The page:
The remains of a 700,000-year-old giant killer bear that stood 15 feet tall and weighed 126 stone have been discovered during construction work.
The fossils were found in the city of San Pedro located 170 kilometres (106 miles) from the eastern Argentine capital Buenos Aires and belonged to the extinct genus Arctotherium angustidens.
According to scientists from the National University of La Matanza, the team discovered a skull and a jaw bone that were preserved in an excellent condition.
The pelvis, radius, humerus and six vertebrates were also found there.
The genus is the largest bear ever discovered and is a contender for the largest carnivorous land mammal to have roamed the planet.
Leopoldo Soibelzon, researcher for the Museum of La Plata and the National Council of Scientific and Technical Investigations, is one of the scientists involved in the project and claims that the extinct bears could have stood as tall as 4.5 metres (14.8 feet).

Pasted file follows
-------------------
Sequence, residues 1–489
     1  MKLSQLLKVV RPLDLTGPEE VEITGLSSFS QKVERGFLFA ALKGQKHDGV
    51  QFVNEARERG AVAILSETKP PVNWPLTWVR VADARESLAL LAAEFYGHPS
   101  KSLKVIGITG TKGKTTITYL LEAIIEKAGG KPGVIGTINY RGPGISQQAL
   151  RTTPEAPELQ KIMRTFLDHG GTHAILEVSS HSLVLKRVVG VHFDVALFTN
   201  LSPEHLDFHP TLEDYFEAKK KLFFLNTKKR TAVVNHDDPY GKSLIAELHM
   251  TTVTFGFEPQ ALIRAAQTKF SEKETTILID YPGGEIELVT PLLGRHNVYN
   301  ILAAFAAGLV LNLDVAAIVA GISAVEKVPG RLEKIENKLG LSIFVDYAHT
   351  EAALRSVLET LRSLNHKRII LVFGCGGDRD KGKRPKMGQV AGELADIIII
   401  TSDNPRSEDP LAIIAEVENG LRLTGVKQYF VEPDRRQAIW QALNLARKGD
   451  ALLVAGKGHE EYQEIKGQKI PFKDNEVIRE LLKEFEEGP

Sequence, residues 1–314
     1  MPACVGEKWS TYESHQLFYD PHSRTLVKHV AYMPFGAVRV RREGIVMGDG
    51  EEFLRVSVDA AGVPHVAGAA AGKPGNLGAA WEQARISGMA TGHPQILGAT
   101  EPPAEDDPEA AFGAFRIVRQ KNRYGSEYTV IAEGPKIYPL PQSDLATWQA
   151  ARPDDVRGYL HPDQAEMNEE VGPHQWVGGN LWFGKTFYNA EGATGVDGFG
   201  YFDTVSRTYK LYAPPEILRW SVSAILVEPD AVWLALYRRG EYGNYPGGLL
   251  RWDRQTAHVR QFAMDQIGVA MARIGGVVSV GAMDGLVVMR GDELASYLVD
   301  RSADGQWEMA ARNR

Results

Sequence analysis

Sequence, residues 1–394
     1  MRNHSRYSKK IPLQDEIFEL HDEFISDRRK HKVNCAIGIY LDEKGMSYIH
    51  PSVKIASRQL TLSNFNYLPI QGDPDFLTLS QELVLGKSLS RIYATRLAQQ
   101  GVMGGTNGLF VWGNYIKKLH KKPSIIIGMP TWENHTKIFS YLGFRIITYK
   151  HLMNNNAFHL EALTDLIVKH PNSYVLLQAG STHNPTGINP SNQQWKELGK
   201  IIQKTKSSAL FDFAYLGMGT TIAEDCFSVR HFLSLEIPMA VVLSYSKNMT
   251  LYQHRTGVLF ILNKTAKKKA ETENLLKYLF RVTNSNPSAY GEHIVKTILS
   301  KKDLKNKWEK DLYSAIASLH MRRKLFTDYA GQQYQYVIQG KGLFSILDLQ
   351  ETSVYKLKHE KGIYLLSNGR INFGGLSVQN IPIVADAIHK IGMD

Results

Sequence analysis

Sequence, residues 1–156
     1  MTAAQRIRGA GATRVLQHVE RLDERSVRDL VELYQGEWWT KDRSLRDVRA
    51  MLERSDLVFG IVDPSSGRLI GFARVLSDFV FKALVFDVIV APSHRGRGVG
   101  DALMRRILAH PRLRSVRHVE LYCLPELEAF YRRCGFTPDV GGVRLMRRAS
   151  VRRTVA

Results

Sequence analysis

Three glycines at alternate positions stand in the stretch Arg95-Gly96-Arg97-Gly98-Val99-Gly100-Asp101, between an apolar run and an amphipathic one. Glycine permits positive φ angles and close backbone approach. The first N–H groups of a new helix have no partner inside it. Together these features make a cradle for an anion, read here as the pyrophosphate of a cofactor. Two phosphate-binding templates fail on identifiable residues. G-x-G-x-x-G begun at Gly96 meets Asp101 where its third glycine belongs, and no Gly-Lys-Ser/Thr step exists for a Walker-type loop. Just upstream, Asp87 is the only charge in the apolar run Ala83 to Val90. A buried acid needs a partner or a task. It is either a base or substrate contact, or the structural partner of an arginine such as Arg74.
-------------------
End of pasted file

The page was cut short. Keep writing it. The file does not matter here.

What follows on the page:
Thanks to the good condition of the bear’s fossils, experts determined that it belonged to a young male that would have weighed around 800 kilogrammes (126 stone).
The giant carnivore had a short face with six-centimetre long fangs and roamed the plains over 700,000 years ago during the Lower Palaeolithic period.
The fossils were accidentally found by construction workers nine metres (30 feet) below the ground in an area where the remains of 12 other species were discovered.
Scientists believe there was a large body of water in the area which explains why the fossils of so many different animals were found there.
They hope that studying the bear’s skull will give them insight into the species’ habits and capabilities.